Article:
Planning on Leaving your Legacy to your Children?

Planning on Leaving your Legacy to your Children? Make sure they can handle it first. Part 1 of 3.

Leaving a Legacy

Estate planning is never easy. The mechanics of the process are easy enough but the big picture of how to disperse your assets require a lot of thought and soul searching. Those that have acquired a sizable estate need to think about the impli­ca­tions of leaving those assets to their children or grand­children in a way that is prudent and won’t ultimately cause them harm.

As a financial planner, I am well acquainted with the problems that sudden wealth creates. Statistics on lottery winners show that 70% of them squander away their winnings in just a few years and are in worse financial shape than before they won. Other studies show that when new wealth is created in a family, there is a 90% proba­bility that it will all be gone by the third gener­ation. This is not the kind of legacy you want to leave for your family.

Being the recipient of a large amount of unexpected money may not automat­i­cally be a good thing. It ranks very high on the list of stressful situa­tions a person or family can encounter and, depending on where the money comes from, there can be a great deal of guilt or regret attached to it. In the case of inherited wealth, people often stress over how to invest it “I don’t want to lose any of Dad’s money” or “These are the invest­ments Mom chose and I don’t want to change them” even though they aren’t performing well. I have found that children that inherit a portfolio from a parent are reluctant to change the portfolio, even when it is not right for them.

How much should you leave the kids? The question of how much to leave the kids is a highly subjective matter. Of 30 multi­mil­lion­aires recently surveyed by Fortune Magazine, six say their children will be better off with only minimal inher­i­tances. Almost half plan to leave at least as much to charity as to their heirs. Should the money be left to children outright or in a trust? Some parents want to ensure that their heirs are leading productive lives before they get a share of the estate. Their wills establish trusts for each child — a sound estate-planning practice that can prevent the child from becoming a spend­thrift and protect the assets in a divorce. Most estate advisers believe that 21, the age of majority, is too early for most children to inherit money. “Very large sums handed over to children who have done nothing to deserve them almost inevitably tend to corrupt them.” A prudent trust distri­b­ution scenario could start paying interest at age 35, and then allows access to principal in two install­ments at 40 and 45.

The best strategy is to educate your children about money and wealth and how to handle it is the ultimate safeguard against potential problems. Don’t think that you can just pass the money on and hope that in doing so you also pass on your values – teach them how to use wealth, the life to lead, the standards to have. Put child rearing before estate planning.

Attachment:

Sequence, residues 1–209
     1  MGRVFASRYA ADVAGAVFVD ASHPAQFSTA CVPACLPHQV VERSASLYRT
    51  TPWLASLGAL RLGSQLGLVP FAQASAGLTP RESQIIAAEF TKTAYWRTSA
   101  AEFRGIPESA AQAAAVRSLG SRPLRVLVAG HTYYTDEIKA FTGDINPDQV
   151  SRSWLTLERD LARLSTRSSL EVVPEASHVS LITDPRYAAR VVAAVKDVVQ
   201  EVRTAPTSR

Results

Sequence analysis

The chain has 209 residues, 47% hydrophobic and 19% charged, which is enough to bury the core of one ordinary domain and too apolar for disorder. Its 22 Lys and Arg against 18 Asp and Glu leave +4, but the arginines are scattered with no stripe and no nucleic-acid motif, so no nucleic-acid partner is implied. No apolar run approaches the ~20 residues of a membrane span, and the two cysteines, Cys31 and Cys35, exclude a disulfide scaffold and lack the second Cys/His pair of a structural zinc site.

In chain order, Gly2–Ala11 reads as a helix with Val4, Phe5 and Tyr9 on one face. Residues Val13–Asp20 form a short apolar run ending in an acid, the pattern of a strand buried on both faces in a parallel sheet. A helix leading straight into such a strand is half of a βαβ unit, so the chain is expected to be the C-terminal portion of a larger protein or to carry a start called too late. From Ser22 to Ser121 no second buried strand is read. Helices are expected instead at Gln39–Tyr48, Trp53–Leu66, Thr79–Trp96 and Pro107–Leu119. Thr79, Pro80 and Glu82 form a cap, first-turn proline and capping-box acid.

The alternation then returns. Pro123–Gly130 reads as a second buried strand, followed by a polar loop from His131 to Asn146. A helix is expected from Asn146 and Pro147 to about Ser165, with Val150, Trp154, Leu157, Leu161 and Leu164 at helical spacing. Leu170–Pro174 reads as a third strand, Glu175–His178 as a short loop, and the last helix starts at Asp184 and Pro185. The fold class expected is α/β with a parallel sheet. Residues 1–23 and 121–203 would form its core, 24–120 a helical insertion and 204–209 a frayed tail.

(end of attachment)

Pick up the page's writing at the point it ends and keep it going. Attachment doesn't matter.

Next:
The education process can begin with annual gifting. In 2012, this annual gift exclusion is $13,000 per recipient. Any amount you give in excess to $13,000 per recipient is subject to gift tax or it can be subtracted from the lifetime amount that can be trans­ferred tax-free at death. Some people think that if you give a certain amount of money to someone else, that person has to pay income tax on it. This is not true. The gift is not subject to income tax.

Observe how your son or daughter handles the money gifted. Do they save it, use it to fund their retirement accounts, pay down their mortgage or go on a shopping spree? Over time, do they come to expect the gift and count on it as part of their budget. I had a client whose child would run up their credit card bill in antic­i­pation of the annual gift. They didn’t want to wait until the end of the year to spend the money. Encourage your children to enroll in a personal finance class to learn budgeting and debt management. You may want to adjust your estate plan if they are unwilling to invest the time to improve their money management skills.

Finally, bring the family finances into the daylight, so the children will know what they are getting and where it came from, and will have some idea how to hold on to it. This would also be the time to let them know why they are getting some of it (if part of it is going to charity) or why you are placing restric­tions on the disbursement. These talks can evolve into full-scale sessions on the family finances and your values. It can also help eliminate problems between the siblings if they don’t believe they are being treated equally.

Ultimately, the best strategy to avoid creating problems from your inher­i­tance is to teach your heirs to be respon­sible money managers while you’re alive.

Rick’s Insights

  • Estate planning requires careful thought. Leaving your children a lot of money is not neces­sarily a good idea.
  • Consider having your estate distributed in pieces at certain ages.
  • Educate your children and grand­children about how to handle money and wealth through annual gifting.

Continue reading: Part 2, Part 3